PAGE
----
Counsellor Lena explains that, unlike when supporting a friend or family member, we are more likely to take it personally when our partner’s mental health is concerned: “It’s harder to be objective about what’s going on. Some people can feel responsible when their partner is depressed or experiencing other forms of mental ill health for long periods of time.”
Recognise that symptoms may vary
Be aware if they withdraw, behave differently or become more irritable. Common symptoms of some mental health issues include insomnia, feelings of worthlessness, and loss of interest in activities. You may notice gradual differences in their mood, rather than huge changes from one moment to the next.
Lena tells us: “If your partner is taking medication to help them, this may have a variety of side effects that can impact the relationship. This can include loss of libido and, therefore, there can be a reduction of intimacy between you. Your social life may also be curtailed as your partner may have difficulties in socialising.”
Take care of you
The most important thing to remember when supporting a partner with mental illness is to take extra care of yourself as well. You could be in danger of burning out, especially if you’re not taking care of your own needs too.
“Your partner’s mental health can take over your lives and create an imbalanced relationship. Further difficulties can be the possibility that you make them the centre of your world, and you too can lose yourself to the illness,” says Lena.
Try opening up the conversation with friends and family. You might be worried that they won’t understand, but trying to keep things under wraps can make the situation more exhausting. Talking to your friends or relatives can make a big difference in building a support network for you both.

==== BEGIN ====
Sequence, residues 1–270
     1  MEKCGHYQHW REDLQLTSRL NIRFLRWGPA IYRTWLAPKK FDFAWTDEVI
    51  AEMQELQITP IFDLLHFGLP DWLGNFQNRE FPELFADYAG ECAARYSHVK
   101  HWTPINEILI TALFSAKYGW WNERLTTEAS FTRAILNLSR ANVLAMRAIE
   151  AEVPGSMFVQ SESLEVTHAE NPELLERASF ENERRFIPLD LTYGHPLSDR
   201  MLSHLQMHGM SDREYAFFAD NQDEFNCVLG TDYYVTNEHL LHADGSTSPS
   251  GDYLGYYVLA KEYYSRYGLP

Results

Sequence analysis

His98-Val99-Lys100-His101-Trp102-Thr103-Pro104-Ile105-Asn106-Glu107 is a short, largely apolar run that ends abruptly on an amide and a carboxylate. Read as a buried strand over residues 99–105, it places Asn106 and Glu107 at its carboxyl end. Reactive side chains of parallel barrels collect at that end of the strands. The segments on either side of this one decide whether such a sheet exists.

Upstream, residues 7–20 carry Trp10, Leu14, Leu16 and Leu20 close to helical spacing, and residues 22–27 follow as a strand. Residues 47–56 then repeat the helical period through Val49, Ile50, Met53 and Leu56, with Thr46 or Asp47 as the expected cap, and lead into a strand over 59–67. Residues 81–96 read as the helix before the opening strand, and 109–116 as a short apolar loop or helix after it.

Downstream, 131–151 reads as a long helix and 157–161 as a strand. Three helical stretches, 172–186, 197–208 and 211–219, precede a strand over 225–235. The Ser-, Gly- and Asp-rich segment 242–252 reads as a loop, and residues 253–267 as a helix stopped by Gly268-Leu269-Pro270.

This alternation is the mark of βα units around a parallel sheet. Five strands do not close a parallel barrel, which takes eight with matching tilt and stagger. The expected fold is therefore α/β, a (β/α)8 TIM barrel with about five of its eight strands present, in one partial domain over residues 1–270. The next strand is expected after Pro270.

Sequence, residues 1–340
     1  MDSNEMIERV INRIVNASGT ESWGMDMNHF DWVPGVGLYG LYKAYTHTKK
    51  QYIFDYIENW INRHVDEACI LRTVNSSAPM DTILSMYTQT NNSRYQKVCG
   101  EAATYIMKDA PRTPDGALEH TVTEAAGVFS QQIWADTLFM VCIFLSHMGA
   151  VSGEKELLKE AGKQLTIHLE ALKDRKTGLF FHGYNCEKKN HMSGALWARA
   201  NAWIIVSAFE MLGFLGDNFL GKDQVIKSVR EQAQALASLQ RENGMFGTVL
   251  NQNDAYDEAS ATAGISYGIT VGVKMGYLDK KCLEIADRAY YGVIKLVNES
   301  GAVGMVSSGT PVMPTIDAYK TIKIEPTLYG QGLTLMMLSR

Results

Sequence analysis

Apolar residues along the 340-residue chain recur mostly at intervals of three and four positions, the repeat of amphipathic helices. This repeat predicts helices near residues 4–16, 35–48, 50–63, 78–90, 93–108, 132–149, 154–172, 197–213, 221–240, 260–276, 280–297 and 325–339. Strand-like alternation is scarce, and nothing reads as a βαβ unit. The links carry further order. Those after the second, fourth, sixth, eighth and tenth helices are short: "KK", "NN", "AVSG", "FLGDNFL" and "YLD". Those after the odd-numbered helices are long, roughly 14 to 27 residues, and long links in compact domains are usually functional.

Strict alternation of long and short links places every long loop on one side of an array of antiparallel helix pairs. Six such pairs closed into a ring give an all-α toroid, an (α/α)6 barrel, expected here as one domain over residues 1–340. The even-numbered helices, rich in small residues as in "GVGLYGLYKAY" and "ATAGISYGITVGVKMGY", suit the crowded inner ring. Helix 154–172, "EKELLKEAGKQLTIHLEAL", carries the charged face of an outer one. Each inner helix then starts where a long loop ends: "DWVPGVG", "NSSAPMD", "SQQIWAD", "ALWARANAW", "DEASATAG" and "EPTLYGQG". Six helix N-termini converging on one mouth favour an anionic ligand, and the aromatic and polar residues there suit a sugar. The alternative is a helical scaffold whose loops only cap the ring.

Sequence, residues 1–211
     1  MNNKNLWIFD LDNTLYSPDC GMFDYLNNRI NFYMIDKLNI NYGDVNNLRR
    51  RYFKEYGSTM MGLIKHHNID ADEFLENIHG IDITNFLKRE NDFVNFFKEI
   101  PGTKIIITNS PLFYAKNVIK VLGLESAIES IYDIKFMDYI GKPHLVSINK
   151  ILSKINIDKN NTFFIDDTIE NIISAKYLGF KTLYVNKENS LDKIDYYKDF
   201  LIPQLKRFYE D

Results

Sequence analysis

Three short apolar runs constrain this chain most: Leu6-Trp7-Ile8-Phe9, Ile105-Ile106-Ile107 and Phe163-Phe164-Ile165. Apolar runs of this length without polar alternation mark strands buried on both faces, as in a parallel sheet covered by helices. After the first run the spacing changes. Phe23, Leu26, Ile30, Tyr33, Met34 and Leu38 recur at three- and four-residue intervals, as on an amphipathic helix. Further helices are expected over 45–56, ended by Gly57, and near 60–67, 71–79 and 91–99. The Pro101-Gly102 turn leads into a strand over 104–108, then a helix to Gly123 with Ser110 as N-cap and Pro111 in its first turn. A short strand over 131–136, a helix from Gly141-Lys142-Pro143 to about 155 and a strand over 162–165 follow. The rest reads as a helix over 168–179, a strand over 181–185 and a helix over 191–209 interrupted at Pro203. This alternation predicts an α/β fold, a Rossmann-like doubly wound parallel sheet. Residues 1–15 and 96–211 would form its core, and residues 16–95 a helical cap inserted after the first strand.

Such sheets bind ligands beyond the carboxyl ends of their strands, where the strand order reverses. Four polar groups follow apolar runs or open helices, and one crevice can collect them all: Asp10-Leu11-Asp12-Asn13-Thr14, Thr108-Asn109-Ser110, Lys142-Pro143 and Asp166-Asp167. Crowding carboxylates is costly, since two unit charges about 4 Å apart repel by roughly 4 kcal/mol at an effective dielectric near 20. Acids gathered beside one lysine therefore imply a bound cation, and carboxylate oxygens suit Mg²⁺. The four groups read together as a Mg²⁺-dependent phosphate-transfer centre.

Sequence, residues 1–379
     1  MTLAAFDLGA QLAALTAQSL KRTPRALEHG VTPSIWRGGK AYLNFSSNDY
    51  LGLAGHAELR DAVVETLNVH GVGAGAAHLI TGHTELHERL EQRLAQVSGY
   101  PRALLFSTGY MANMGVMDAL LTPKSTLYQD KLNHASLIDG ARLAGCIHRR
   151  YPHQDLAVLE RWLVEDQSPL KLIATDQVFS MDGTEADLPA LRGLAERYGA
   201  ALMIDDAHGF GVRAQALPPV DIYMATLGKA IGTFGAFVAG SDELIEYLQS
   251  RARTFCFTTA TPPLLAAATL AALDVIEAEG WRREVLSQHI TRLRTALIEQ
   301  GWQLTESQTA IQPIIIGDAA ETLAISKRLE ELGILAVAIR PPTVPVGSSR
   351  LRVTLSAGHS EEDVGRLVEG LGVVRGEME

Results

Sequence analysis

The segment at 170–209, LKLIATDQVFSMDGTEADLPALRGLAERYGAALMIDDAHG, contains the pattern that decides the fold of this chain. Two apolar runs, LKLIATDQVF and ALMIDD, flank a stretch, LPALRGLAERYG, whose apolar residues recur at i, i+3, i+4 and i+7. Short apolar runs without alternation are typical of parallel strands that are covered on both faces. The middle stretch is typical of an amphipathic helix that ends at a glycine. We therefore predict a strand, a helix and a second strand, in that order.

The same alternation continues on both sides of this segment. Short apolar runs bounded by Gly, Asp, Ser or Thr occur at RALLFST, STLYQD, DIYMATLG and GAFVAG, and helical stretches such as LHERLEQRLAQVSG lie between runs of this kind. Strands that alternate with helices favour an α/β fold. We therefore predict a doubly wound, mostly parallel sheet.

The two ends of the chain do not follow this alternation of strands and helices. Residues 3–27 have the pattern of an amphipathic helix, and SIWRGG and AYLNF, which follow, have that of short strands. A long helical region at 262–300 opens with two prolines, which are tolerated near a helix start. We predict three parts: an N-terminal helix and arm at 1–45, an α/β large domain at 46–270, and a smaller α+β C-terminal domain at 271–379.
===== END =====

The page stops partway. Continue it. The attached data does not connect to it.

Listen to them
Doing your research and gaining knowledge can help you guide your partner. But recognise that you’re not an expert and you might not know the right thing to say.
Lena warns: “People can become caught up in trying to make their partner ‘better’, instead of allowing them the space to be ill and stand by while they find their own way back to wellness.”
Sometimes the best thing to do is just listen to them. Allow them to feel like they can come to you to talk about anything – without fear of judgement.
And remember, encouraging them to seek out professional help doesn’t mean you’ve failed. Rather, it shows that you understand that your partner may need care that you don’t have the tools to provide.
Don’t be afraid to part ways
It’s completely normal to feel overwhelmed sometimes, especially if things are not working in the relationship generally. Lena says: “If you feel trapped and torn between leaving and staying together, you’re not alone.”
Leaving can feel much more difficult if your partner depends on you for support. But you have to put your own mental health first. If the relationship isn’t working, you shouldn’t feel pressured to stay together; it’s OK to walk away if you need to. And just because you’re not together romantically, doesn’t mean you can’t still support them as a friend.
Speaking to a professional can be helpful, whether as a couple or individually. Find a counsellor near you at counselling-directory.org.uk